Norman Baker: To ask the Secretary of State for Transport what inspections (a) have been carried out and (b) are planned into the sea-worthiness of the US Navy ships moored in Hartlepool to assess their safety for returning to the United States; and if he will place copies of the completed assessments in the Library. [143762]

Mr. Jamieson [holding answer 15 December 2003]: Inspections of the vessels are being undertaken to ensure that they do not pose any risk while remaining in Hartlepool.

To ensure that the vessels are in a suitable condition to cross the Atlantic, a survey would be necessary before Load line Exemption Certificates can be issued.

Norman Baker: To ask the Secretary of State for Transport what assessment the Government has made of the (a) safety and (b) speed with which the US Navy ships moored in Hartlepool could be returned to the US with the use of a heavy lift vessel; and if he will place a copy of such assessments in the Library. [143764]

Mr. Jamieson [holding answer 15 December 2003]: Initial risk assessments and routing plans have been produced for the return voyage of the vessels, under tow. No assessment has been produced for using a heavy lift vessel.

Norman Baker: To ask the Secretary of State for Transport pursuant to his Answer of 16 December 2003, Official Report, column 794W, on US Ships (decommissioning), by whom an application could be made. [145193]

Mr. Jamieson: By the owner of the vessels concerned.

Vehicle Licensing

Mr. Chope: To ask the Secretary of State for Transport what his latest estimate is of how many people are driving (a) without a licence and (b) without insurance; and how many unlicensed vehicles he estimates are on the road. [145528]

Mr. Jamieson: The Department's Report, "Research into Unlicensed Driving", published on 15 December 2003, estimated that the number of people driving without a valid driving licence would lie in a range between 620,000 and just over 1 million. The Government are committed to tackling this. We are already taking action with the widespread Automatic Number Plate Recognition (ANPR) cameras allowing police to target unlicensed vehicles on the road. All police services have 24-hour access to DVLA driving licence records via the Police National Computer.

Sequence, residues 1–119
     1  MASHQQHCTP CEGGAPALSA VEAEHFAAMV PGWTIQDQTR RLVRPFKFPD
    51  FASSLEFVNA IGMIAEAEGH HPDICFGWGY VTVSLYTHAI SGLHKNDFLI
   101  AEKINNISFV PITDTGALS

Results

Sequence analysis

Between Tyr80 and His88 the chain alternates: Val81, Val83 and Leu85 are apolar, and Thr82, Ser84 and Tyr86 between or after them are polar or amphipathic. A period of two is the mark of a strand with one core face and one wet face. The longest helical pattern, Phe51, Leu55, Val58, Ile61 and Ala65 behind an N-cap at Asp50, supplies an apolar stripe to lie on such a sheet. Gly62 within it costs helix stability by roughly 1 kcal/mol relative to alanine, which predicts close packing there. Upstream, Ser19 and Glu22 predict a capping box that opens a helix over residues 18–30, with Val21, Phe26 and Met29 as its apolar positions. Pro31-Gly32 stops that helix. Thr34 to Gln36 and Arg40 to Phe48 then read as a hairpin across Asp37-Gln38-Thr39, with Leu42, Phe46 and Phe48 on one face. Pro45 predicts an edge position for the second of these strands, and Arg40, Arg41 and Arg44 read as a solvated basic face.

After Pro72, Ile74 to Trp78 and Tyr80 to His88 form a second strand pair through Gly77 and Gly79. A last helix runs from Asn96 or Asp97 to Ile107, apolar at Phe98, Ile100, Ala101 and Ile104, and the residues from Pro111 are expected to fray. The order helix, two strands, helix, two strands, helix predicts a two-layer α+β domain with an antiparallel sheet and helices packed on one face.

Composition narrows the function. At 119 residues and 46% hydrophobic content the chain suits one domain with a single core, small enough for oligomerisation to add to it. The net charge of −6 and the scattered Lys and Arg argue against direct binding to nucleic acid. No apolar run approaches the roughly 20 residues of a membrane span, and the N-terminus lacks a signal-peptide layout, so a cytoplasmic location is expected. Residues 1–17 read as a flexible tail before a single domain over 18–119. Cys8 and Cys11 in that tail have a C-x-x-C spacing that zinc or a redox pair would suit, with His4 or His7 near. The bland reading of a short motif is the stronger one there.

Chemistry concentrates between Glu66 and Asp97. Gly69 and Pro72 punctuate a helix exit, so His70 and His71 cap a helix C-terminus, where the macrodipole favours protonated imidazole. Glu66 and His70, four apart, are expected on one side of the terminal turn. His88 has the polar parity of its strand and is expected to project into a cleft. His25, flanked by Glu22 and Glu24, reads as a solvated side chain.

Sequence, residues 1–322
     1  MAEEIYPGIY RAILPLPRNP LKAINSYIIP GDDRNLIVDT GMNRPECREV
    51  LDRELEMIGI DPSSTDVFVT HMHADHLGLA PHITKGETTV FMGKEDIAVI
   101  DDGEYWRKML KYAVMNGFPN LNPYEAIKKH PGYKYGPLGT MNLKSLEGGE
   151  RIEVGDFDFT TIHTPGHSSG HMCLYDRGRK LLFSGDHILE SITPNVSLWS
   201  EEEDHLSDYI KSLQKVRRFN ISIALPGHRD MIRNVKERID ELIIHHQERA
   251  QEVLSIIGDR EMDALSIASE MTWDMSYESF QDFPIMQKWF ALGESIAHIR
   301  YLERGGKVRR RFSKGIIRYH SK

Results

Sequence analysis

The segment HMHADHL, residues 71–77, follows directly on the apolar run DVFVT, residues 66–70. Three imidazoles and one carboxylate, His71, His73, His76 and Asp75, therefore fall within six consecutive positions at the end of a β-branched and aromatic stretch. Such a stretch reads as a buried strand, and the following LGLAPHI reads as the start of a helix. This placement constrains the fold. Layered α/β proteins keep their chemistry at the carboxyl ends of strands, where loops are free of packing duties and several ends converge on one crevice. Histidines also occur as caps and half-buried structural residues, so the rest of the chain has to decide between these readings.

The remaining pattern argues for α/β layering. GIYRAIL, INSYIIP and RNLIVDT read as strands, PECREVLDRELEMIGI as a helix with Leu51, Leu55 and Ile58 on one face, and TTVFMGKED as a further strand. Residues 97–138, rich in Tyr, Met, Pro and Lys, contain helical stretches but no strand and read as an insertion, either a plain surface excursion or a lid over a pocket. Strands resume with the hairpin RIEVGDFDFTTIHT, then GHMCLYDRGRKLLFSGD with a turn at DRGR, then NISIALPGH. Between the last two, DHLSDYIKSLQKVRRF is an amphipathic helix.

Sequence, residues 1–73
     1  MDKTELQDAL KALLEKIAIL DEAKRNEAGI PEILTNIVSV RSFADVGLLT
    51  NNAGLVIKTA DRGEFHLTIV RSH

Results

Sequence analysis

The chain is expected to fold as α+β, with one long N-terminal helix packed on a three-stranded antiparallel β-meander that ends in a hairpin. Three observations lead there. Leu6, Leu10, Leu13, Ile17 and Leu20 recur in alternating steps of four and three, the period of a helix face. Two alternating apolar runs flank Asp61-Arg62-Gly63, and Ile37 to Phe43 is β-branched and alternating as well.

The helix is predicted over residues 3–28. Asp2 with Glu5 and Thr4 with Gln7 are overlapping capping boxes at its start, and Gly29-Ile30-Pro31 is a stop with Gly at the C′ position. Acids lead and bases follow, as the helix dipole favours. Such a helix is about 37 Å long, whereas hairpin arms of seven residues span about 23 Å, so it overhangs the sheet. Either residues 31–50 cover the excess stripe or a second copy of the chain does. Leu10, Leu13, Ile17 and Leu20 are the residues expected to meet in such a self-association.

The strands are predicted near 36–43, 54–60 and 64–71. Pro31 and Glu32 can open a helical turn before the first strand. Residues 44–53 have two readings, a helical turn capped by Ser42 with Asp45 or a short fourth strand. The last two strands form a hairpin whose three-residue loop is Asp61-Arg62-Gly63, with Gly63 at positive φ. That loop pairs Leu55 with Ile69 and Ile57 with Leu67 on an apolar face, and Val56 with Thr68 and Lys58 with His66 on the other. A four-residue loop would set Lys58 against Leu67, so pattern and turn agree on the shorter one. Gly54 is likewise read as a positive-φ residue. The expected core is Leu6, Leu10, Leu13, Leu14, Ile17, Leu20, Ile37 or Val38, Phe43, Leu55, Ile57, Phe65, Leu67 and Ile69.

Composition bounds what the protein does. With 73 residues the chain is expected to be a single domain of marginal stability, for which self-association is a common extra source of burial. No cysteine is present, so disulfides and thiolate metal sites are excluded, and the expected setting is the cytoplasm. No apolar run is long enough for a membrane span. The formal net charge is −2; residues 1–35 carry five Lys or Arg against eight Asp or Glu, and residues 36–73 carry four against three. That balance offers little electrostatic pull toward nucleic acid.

The number of people driving without insurance is estimated at approximately 1.25 million 1 . The Department has facilitated links between the Motor Insurance Database and the Police National Computer. The database contains details of every motorist's insurance and every vehicle insured. The police are currently making up to 25,000 checks each day on this database to detect and correct uninsured driving. In addition, the Government have appointed Professor David Greenaway of the University of Nottingham to

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carry out an independent review of motor insurance arrangements in the U.K, to advise on how to improve procedures and to reduce uninsured driving.

The number of unlicensed (i.e. untaxed) vehicles is estimated at 1.76 million 2 . Reforms of the vehicle registration system include:

In combination, the above measures are designed to improve the accuracy of the vehicle register from around 92 per cent. now to 97.5 per cent. by 2005 and to reduce evasion from around 4.5 per cent. to no more than 2.5 per cent. by 2007.